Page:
Issko said the AFLFA “was not a financial expert”, but could help the AFL devise areas to recoup the lost revenue. The AFL, for instance, has a five-year sponsorship deal with Sportsbet which began in 2020. While it costs Sportsbet up to $15 million a year, The Age has reported that the AFL only receives between $6 million to $8 million of that. Of that amount, 28 per cent goes to players.
Melbourne forward Ben Brown is among the high-profile stars who have opted out of AFL-authorised promotions of Sportsbet.
In a statement, the AFL said official relationships with wagering companies helped to strengthen integrity measures.
”Relationships with wagering companies allow the AFL to invest in robust integrity measures to monitor wagering on our game, as well as to invest back into our game at all levels,” the AFL spokesman said.
“The AFL has strict restrictions surrounding the times that gambling advertising is permitted, and have reduced the amount of wagering branding and signage at grounds.
“All players, coaches and officials are not permitted to encourage, induce, advertise or promote betting on the AFL.”
The AFLFA survey confirmed “gambling ads have now surpassed umpiring/rule changes as the most common concern of AFL fans”.
“In addition to the recognised issues of problem gamblers destroying families, there is concern about the normalisation and grooming of children as future gamblers due to the sheer volume of gambling advertising,” the survey said.
“Fans are most concerned that the bombardment of gambling advertising for their kids watching football is grooming them as future gamblers and normalising gambling. Whilst there is some recognition of the need for responsible gambling and fans’ right to gamble of AFL if they wish, there is a clear consensus that the volume of gambling advertising is morally inappropriate and should be banned given the social and family impacts.”
Melbourne supporter Jan Sampson, who participated in the survey, told The Age sports and broadcasters straddled a difficult line.
“I am concerned about the prevalence of gambling advertising that surrounds not just the AFL but sport in general at the moment,” Sampson said.
“Gambling sponsorship is a necessary evil to keep the game running, which make campaigns such as ‘Love the game, not the odds’ so important. Luckily, my ‘sport mad’ teenage son isn’t influenced by the sometimes constant stream of gambling advertising.”
The survey also found 79 per cent said gambling advertising should be banned from grounds, 76 per cent want it banned from broadcasting, and 62 per cent said the AFL should not receive any revenue from gambling advertising.
The survey results come as the AFL, NRL and other major sporting bodies are on a collision course with governments over tighter rules on sports betting advertising.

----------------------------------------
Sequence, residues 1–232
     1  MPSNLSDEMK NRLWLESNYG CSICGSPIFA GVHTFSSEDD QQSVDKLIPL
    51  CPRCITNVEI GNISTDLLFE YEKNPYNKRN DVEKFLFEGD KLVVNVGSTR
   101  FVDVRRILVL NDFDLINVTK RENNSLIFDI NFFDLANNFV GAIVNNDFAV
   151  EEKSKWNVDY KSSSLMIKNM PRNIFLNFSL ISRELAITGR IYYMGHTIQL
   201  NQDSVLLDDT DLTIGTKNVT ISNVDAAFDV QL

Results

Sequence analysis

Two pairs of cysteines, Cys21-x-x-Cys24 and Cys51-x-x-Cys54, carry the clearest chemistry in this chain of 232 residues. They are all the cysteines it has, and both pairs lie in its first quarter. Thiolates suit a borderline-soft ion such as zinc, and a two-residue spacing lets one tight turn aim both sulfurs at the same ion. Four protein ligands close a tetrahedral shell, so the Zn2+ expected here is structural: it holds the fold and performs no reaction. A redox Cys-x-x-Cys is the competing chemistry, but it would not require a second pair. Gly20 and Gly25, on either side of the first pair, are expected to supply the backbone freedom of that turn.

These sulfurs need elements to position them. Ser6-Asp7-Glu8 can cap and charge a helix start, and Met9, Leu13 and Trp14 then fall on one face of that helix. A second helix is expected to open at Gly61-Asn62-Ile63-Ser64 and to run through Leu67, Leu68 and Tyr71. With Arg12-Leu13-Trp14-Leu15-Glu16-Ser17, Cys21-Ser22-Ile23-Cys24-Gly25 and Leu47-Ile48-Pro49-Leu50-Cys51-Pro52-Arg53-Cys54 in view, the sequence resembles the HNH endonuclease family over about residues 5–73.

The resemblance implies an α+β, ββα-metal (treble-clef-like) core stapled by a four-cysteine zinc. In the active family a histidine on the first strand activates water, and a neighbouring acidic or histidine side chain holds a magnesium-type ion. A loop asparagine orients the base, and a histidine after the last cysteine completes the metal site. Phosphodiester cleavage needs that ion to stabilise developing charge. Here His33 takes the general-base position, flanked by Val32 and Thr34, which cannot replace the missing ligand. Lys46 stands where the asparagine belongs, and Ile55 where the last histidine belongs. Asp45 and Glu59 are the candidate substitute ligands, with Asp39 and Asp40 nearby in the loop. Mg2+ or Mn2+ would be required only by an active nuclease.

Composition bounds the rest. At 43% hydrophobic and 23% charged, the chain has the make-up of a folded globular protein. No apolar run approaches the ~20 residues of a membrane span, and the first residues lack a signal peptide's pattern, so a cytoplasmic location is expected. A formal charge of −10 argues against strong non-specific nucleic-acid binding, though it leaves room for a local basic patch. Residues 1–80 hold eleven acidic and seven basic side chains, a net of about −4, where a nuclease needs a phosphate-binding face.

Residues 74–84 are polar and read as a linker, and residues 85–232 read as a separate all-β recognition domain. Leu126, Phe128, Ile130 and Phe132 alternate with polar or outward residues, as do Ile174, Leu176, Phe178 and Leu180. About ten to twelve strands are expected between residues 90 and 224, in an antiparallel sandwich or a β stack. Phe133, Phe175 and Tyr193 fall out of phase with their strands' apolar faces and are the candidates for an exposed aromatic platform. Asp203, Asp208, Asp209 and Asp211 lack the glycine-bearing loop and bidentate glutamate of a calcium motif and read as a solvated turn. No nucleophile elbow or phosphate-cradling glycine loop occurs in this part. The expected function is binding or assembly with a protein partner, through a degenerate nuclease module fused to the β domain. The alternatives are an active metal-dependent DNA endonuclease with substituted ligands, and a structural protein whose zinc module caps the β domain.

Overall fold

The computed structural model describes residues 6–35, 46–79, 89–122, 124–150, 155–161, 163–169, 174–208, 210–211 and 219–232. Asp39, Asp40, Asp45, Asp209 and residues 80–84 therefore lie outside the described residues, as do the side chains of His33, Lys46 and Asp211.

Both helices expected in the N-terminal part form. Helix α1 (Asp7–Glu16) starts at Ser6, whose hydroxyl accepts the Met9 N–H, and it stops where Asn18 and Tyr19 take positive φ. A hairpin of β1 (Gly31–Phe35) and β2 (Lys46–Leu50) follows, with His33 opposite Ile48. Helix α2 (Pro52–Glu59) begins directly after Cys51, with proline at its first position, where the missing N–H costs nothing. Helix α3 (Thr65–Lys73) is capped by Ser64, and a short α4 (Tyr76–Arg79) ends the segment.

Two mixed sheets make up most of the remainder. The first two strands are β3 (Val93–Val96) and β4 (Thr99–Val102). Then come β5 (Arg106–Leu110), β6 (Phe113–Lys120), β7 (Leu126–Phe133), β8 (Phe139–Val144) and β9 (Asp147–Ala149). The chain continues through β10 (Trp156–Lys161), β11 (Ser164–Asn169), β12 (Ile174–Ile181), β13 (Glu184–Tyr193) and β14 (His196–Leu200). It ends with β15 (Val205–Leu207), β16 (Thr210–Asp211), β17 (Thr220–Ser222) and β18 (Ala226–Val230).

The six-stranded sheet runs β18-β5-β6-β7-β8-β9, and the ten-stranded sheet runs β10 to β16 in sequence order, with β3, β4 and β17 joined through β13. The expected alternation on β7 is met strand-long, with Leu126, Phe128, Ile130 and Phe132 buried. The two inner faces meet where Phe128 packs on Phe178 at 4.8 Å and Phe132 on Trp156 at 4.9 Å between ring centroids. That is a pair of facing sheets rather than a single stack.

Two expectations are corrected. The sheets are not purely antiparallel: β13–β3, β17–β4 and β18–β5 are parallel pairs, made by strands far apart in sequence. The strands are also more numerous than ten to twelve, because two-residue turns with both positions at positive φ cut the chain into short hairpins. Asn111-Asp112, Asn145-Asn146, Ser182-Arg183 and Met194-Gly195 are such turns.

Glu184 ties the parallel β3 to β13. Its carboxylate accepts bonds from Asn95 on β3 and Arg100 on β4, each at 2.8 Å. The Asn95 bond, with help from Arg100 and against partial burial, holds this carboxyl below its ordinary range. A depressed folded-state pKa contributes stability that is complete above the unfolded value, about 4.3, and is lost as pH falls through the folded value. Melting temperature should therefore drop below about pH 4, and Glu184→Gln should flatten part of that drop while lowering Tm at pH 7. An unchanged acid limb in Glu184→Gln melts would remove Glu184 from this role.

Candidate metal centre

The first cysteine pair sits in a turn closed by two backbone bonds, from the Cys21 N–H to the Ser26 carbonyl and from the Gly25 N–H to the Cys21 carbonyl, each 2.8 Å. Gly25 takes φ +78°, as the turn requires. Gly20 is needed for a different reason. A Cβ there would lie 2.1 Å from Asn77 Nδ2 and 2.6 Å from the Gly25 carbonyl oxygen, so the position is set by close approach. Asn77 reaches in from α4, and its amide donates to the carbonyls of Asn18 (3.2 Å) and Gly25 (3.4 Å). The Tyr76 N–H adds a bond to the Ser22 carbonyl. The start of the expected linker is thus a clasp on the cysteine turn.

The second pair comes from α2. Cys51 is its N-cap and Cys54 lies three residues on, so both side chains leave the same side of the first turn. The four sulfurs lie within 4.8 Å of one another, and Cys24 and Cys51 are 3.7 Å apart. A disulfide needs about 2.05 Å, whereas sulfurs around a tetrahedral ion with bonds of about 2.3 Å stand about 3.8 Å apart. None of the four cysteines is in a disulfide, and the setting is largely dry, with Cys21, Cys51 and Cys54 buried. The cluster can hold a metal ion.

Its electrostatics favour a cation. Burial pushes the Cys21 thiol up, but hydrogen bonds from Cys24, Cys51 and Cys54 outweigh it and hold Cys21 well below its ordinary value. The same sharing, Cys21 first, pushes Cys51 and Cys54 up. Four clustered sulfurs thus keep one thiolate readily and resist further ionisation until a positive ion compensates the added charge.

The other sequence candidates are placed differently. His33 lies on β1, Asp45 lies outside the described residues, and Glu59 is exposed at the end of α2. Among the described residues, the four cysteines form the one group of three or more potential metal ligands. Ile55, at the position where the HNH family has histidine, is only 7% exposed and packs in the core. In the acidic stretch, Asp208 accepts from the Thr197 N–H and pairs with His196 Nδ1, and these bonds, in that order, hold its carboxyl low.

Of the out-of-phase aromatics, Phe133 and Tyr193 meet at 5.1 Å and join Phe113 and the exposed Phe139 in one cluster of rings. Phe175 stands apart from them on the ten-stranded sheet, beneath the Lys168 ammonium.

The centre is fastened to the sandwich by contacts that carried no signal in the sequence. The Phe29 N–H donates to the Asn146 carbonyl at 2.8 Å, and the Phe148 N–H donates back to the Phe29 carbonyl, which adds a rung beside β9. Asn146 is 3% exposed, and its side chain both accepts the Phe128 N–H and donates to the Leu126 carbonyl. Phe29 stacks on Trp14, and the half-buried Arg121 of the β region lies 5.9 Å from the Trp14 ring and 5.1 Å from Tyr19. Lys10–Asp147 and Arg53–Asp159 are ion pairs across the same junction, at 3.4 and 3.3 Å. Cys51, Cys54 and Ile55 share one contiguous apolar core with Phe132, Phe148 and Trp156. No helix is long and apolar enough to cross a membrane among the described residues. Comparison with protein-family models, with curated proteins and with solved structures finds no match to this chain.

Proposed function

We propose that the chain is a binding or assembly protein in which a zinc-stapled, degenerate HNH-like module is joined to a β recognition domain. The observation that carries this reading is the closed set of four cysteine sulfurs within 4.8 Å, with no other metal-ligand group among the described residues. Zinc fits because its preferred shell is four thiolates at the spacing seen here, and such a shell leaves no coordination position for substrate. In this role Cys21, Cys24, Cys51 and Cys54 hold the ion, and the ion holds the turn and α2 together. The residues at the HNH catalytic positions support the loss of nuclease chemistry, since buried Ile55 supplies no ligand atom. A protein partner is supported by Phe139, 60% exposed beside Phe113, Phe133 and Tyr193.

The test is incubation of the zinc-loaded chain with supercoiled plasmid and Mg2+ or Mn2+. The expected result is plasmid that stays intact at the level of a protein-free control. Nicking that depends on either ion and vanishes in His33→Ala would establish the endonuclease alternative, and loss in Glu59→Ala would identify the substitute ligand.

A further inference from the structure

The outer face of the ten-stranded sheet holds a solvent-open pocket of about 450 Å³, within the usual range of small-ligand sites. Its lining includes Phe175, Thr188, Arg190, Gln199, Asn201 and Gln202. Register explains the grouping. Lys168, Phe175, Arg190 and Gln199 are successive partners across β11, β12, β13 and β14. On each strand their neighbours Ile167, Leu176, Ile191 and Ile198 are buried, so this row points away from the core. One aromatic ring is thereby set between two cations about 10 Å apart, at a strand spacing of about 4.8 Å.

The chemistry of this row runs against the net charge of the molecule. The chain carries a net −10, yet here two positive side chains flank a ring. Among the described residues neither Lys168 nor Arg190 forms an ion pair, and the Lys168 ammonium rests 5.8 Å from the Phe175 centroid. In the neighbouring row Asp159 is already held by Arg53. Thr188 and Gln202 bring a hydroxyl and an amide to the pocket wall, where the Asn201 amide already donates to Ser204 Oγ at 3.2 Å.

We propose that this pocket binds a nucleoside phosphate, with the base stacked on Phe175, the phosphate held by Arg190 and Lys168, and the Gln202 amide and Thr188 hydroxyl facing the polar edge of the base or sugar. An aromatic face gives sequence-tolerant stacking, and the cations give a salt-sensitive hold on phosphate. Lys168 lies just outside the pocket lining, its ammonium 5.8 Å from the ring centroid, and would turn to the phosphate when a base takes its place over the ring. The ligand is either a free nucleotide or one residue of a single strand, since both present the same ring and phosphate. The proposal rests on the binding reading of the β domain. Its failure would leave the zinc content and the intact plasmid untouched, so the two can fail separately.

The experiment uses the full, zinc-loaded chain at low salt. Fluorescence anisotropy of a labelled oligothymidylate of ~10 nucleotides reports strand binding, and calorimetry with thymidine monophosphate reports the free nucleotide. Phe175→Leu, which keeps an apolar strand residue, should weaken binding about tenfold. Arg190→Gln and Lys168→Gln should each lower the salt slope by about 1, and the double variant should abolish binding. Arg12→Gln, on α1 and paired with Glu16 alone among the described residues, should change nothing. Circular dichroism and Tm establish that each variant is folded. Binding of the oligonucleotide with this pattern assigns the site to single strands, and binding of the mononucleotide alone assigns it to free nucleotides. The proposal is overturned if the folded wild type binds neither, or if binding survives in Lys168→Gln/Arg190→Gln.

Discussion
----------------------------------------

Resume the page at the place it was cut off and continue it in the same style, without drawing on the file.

Labor MP Peta Murphy, chair of the parliamentary inquiry into societal damage caused by online betting, said sports were failing to grasp the concerns of the public and experts.
Australians lost about $25 billion on all forms of gambling, including pokies, in 2018-19, according to estimates from the Australian Institute of Health and Welfare.
However, the Coalition of Major Professional and Participation Sports, which represents the football codes as well as Cricket Australia and Tennis Australia, insists betting on live sport is a legitimate Australian past-time.
Free TV Australia, representing the major television companies, including Nine Entertainment Co, the owner of The Age and Sydney Morning Herald, says retaining key sports on free-to-air will be more difficult if gambling advertisements were slashed or banned.
Gambling ads cannot be shown during live sports events until 8.30pm, though betting firms use half-time and other breaks to advertise. Advertising is also banned between 4pm and 7pm during shows rated C, P or G, but news and current affairs programs are excluded.
In its submission to the parliamentary inquiry, the South Australian government produced data showing 85 per cent of 11- to 16-year-olds watch sport after 8.30pm, when gambling ads are permitted. Victoria has not made a submission.
Regarding umpiring and rule changes, the survey found that fans wanted stability.
“When considering all the issues that concern fans, umpiring/rule changes remains the main concern. Qualitative feedback from fans highlights that the frequency of rule changes is very unpopular and makes it difficult to umpire consistently. Like the previous year, the stand rule remains a common concern,” the survey said.
While fans are split on the stand rule, the AFL and clubs believe it has helped to open the game up and generate scoring.
“We have not made rule changes. After one of the best home and away seasons on record with the football being of an incredibly high-quality, we have not made any rule changes in 2023 and only made small interpretation changes to the stand rule and not awarding a 50m if someone breaks the stand and moves when a player fakes to play on or handball,” an AFL spokesman said.
“We have ensured that more of the experienced umpires are able to continue to umpire by introducing a four-umpire system that will reduce the load on umpires and allow the best decision-makers to remain in the game for longer.”
Issko said only time would tell if the shift this season to four on-field umpires would help in decision-making.
Of the 2924 responses received by the AFLFA, 80 per cent of respondents were club members, 24 per cent were members of the AFLFA, while 51 per cent of respondents live outside of Victoria.
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